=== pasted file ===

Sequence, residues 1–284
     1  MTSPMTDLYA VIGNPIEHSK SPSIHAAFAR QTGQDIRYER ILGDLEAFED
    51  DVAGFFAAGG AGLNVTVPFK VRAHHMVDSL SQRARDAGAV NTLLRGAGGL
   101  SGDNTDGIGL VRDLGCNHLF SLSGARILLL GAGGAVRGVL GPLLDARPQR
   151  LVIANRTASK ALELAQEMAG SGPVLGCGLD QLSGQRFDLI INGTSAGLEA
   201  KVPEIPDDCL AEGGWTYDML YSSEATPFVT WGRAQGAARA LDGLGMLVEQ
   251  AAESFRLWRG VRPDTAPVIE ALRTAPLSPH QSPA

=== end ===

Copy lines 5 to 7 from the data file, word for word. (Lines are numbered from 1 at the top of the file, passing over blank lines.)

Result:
   151  LVIANRTASK ALELAQEMAG SGPVLGCGLD QLSGQRFDLI INGTSAGLEA
   201  KVPEIPDDCL AEGGWTYDML YSSEATPFVT WGRAQGAARA LDGLGMLVEQ
   251  AAESFRLWRG VRPDTAPVIE ALRTAPLSPH QSPA